Siri Ofstad MSci Oceanography, 2015
PhD student at the Centre for Arctic Gas Hydrate, Environment and Climate (CAGE)
Studying at the NOCS was truly an invaluable experience for my career in research.
I started my MSci Oceanography degree in 2011 after completing a one year Science Foundation year course at the University. Towards the end of the degree it became evident that research was the right path for me. I became inspired by the enthusiasm of Dr Jessica Whiteside while taking her module, Paleoclimate Change. It was then I discovered the immense value of studying foraminifera and geochemical proxies in order to understand climate.
Being from Norway, I responded to an advertisement on a Norwegian vacancy website for a 4 year PhD at the Centre for Arctic Gas Hydrate, Environment and Climate (CAGE), a Norwegian centre of excellence at UiT - The Arctic University of Norway, which is located in Tromsø. I am certain that having an Oceanography degree from the University of Southampton based at the National Oceanography Centre Southampton (NOCS) was an advantage due to their stellar reputation in ocean and earth science. I believe studying at the NOCS gave me a solid foundation for oceanographic research, thanks to a wide range of modules, taught by world renowned experts.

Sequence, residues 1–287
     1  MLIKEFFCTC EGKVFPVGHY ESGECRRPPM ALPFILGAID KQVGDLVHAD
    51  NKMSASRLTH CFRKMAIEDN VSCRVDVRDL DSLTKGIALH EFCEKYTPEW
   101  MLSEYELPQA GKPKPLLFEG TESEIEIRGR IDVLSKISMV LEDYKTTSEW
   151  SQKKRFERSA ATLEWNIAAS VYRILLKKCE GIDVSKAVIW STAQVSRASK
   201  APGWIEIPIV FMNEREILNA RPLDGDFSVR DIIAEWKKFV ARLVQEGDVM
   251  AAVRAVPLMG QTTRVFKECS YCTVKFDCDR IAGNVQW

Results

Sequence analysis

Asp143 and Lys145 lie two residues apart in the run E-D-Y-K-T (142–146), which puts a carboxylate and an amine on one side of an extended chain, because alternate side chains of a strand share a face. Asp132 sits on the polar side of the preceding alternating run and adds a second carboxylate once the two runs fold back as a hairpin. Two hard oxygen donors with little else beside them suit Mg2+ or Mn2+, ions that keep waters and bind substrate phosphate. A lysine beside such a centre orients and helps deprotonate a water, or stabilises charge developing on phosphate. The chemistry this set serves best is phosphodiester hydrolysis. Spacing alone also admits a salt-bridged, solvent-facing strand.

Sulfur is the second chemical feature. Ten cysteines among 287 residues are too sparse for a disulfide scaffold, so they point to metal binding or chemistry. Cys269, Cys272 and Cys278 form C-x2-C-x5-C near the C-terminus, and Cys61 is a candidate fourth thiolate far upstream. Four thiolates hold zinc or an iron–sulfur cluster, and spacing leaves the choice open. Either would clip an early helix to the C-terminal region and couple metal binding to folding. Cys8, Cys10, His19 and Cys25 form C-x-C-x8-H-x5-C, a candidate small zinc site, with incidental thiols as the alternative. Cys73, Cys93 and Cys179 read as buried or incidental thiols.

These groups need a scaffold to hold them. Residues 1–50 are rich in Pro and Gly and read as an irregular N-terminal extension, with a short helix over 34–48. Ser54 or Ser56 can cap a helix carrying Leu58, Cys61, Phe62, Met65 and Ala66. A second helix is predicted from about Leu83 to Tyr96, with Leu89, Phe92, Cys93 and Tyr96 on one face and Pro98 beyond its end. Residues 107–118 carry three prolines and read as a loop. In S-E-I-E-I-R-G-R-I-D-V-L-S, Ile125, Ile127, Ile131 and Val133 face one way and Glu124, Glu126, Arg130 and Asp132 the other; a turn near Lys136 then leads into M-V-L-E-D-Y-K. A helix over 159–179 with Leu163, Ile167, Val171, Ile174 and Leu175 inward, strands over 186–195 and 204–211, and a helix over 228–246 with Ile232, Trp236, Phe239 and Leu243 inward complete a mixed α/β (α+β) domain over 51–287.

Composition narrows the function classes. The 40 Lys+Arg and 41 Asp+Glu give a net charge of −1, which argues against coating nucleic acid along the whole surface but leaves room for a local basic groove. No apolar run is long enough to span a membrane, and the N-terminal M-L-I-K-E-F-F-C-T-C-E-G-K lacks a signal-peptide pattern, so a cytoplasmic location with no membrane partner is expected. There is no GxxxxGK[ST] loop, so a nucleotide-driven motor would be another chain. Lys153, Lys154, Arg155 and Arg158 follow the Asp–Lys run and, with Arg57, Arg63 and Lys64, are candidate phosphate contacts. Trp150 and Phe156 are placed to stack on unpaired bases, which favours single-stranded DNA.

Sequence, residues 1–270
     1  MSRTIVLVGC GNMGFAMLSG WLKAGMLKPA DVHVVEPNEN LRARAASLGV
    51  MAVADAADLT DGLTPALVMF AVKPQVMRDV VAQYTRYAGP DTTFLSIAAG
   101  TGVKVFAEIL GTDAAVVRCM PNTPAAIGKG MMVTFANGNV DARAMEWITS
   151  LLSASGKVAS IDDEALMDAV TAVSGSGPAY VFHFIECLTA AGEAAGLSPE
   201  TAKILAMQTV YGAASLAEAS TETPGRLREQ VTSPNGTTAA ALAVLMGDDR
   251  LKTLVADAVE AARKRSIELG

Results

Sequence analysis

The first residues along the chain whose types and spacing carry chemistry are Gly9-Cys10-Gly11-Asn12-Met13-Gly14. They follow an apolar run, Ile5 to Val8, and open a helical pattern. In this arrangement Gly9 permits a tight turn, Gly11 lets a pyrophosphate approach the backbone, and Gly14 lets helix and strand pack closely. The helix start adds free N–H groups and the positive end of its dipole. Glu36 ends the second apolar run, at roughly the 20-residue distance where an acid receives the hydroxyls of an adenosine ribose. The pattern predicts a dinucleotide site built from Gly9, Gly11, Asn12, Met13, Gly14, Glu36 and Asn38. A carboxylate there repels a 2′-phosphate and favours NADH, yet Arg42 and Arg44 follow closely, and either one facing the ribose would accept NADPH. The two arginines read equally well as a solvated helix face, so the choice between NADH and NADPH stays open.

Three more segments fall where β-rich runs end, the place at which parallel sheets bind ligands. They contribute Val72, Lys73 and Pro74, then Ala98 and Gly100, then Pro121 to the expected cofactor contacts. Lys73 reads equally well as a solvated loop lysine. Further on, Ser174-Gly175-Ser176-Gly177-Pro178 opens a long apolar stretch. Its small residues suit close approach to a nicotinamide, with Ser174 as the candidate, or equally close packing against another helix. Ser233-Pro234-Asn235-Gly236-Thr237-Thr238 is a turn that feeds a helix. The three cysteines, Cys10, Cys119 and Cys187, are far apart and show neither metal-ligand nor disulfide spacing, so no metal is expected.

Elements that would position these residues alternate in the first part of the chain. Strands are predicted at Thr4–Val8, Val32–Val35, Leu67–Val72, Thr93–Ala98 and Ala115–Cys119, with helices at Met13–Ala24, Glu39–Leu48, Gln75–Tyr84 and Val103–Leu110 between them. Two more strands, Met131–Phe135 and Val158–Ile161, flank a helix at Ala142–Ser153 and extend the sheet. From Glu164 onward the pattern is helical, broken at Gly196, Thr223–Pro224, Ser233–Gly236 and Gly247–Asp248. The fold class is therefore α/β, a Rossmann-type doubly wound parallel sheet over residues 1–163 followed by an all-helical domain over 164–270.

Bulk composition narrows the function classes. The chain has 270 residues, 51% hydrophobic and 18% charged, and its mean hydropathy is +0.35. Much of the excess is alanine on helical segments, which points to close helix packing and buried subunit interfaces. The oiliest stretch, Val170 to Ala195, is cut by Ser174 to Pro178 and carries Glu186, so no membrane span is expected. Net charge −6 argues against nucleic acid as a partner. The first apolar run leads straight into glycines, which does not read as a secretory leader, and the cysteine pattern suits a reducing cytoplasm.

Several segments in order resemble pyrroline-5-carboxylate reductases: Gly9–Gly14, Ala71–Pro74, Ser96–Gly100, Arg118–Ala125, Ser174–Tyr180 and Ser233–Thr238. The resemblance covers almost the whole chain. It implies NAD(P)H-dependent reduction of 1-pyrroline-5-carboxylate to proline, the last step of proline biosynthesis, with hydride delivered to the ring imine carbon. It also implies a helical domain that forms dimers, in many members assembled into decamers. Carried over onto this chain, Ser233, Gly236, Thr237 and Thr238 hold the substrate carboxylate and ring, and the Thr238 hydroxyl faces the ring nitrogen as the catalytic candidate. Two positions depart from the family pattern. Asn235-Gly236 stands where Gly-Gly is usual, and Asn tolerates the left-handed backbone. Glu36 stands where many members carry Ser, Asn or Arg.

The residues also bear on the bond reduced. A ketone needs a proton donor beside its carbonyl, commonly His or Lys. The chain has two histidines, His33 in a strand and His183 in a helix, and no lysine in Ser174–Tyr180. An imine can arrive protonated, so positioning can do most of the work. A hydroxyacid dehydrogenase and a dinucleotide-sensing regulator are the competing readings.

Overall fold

My PhD project is the first PhD project at CAGE focusing on ocean acidification (OA), and a part of the ongoing OA research. The current working title is: 'Anthropogenic Carbon Dioxide and Methane Induced Ocean Acidification in the Arctic Ocean, effects on modern planktonic foraminifera'. Our main hypothesis is that anthropogenic induced OA and methane induced OA reduce the foraminifera calcification rate, causing a decrease in shell weight, and we expect planktonic foraminifera living above active methane hydrates to be lighter than at non seep sites. Sampling for my project includes plankton net and water samples above methane flare sites and reference sites, in addition to marine sediment cores for paleo-pH reconstruction using boron isotopes and other proxies for ocean carbonate. Being at UiT has a number of advantages, we have our own research vessel and easy access to the area of study, which allows bi-annual (summer and winter) sampling. Secondly, the researchers here are experts on the geology and oceanography of the Arctic Ocean, the region most sensitive to climate change.
Studying at the NOCS was truly an invaluable experience for my career in research. Now that I am at a different institute, and interacting with scientists from around the world, I realise just how highly regarded the NOCS is in a global context, and the significance of the work done by NOCS scientists. I look back on my time as an MSci Oceanography student at the NOCS with great fondness.